Most of us have heard of a foundation degree, but a foundation year perhaps isn’t as well-known. Today we’re going to discuss their differences to help clear up any confusion between the two courses.
A foundation degree is a combined vocational and academic higher education qualification – their focus is giving students the skills they need to excel in the workplace. Foundation degrees usually last two years (when studied full-time) and carry the same weight as an HND or two-thirds of an honour’s degree. Foundation degrees tend to be offered mainly by universities, colleges that have their own foundation degree-awarding powers, and colleges and employers running the courses validated by universities. They provide a strong platform for students looking to enter full-time work, and they also open doors for graduates looking to gain a full undergraduate qualification later on – there is no time limit on topping up a foundation degree. The qualification is ideal for students who either aren’t sure if they want to dedicate three years to a full bachelor’s degree or individuals whose grades don’t meet the entry requirements to study for one. It’s also very common for those already in full-time work to study a foundation degree to further their career (by gaining a promotion for example) or change career direction. Unlike honour’s degrees, there are no standard entry requirements for the qualification (work experience is often adequate for entry), but if you’re below the age of 21, you probably won’t have much in the way of professional experience, so course providers will likely ask for one or two A-levels or an equivalent Level 3 qualification.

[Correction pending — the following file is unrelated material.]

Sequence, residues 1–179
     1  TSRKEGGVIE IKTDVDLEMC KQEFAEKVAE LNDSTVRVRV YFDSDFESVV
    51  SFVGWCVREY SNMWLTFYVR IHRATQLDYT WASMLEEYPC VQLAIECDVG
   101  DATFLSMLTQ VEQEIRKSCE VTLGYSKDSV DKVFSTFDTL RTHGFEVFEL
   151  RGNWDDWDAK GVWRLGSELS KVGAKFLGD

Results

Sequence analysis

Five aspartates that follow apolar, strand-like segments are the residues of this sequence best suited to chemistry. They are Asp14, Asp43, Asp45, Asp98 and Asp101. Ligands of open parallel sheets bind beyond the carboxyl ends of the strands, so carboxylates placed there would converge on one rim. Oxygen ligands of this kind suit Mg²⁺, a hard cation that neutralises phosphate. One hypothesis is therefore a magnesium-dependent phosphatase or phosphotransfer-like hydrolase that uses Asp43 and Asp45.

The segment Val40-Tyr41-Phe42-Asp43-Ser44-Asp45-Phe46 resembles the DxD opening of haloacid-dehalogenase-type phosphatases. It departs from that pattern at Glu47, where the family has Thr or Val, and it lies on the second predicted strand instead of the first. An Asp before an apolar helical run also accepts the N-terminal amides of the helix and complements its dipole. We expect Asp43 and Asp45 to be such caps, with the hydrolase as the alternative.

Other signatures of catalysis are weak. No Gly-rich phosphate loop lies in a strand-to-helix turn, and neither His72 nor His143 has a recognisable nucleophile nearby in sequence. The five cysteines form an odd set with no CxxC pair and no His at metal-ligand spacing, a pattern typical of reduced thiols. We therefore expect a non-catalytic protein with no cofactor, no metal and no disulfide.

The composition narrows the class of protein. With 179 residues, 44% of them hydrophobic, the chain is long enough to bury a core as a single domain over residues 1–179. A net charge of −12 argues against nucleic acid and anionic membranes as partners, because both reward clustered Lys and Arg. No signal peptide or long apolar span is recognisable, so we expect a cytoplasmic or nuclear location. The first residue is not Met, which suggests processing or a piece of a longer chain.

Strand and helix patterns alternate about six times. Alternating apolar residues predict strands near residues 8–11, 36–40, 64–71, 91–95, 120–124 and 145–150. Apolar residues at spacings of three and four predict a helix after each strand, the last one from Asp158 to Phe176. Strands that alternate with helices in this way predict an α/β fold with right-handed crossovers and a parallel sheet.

A foundation year is an extra year of study at the start of a university course. They are one-year long ‘bridging’ courses that get students up to the level to study a full degree by filling in any knowledge gaps. They are run by many universities and are designed for students who have the ability to study a bachelor’s degree, but don’t have the necessary qualifications to go directly onto one. Foundation year courses are also studied by clearing students and those coming back to education after a break. The course is normally studied at the university the student wants to study their degree at – you would apply for a course that includes the foundation year; for example, it could be called ‘BA (Hons) Health and Social Care with Foundation Year.’ The course means having to pay for another year at university but, often, foundation years are cheaper than undergraduate courses. In terms of subject choice, this can be quite limited, so it’s worth looking at different universities to find out what subjects they offer. One bonus of the course is that you can go to university without having to re-sit your A-levels, and you are able to move smoothly into the first year of a full degree course after you have completed the foundation year.
Although similar in name, foundation degrees and foundation years are rather different. A foundation degree is a (two-year long) qualification in itself (equivalent to the first two years of a degree), whereas foundation years are one-year long courses designed to take you straight on to an undergraduate degree course.
UKCBC is always looking to expand and adapt its courses. That’s why we now offer a four-year degree course with a foundation year. For more information, give UKCBC’s course advisors a call on 0208 518 4994.